'There are No Enemies after Victory': The Laws Against Killing the Wounded
33 Pages Posted: 9 Mar 2016
Date Written: March 9, 2016
Louis Pictet, the influential and official commentator on the 1949 Geneva Conventions, described the principle of respect and protection for the battlefield wounded and sick as the "keystone" of the entire edifice of the Geneva Conventions. Despite the centrality of the principle in international humanitarian law (enacted as part of the first Geneva Convention of 1864) it is traditionally viewed as an "easy" principle and one to which scholars and practitioners have devoted little thought. No previous scholarship has traced how the principle slowly evolved from 1864 through three subsequent Conventions (1906, 1929, and 1949) until the Additional Protocol I of 1977 made clear that it was not the "wounded" who received protection but only the wounded "who refrain from any act of hostility" or the "hors de combat." This essay explores this legal evolution. It then looks at relevant modern American military training and doctrine and suggests that America has adopted the most expansive definition available under the law. Finally, this essay examines the impact of the law on the battlefield by examining case studies involving the alleged or possible targeting of the hors de combat in the Iraq and Afghanistan conflicts.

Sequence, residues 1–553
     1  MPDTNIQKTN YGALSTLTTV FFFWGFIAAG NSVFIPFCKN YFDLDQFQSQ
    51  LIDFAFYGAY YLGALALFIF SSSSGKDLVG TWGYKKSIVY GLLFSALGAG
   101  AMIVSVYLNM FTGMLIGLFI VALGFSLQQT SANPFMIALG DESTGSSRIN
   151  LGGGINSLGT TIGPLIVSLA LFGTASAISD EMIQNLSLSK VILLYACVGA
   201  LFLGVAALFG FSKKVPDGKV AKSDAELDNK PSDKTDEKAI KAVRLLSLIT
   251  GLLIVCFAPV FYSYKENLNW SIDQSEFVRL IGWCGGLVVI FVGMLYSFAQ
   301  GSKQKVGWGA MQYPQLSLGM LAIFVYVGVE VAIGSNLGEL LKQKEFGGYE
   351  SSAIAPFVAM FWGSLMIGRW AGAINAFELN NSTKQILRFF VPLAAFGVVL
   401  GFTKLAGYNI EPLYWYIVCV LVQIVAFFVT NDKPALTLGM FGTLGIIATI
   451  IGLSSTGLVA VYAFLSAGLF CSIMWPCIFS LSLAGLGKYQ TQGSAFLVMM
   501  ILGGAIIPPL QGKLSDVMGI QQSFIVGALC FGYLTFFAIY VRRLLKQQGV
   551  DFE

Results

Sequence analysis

Keywords: International Humanitarian Law, Law of Armed Conflict, Law of War, Hors de Combat, Geneva Conventions
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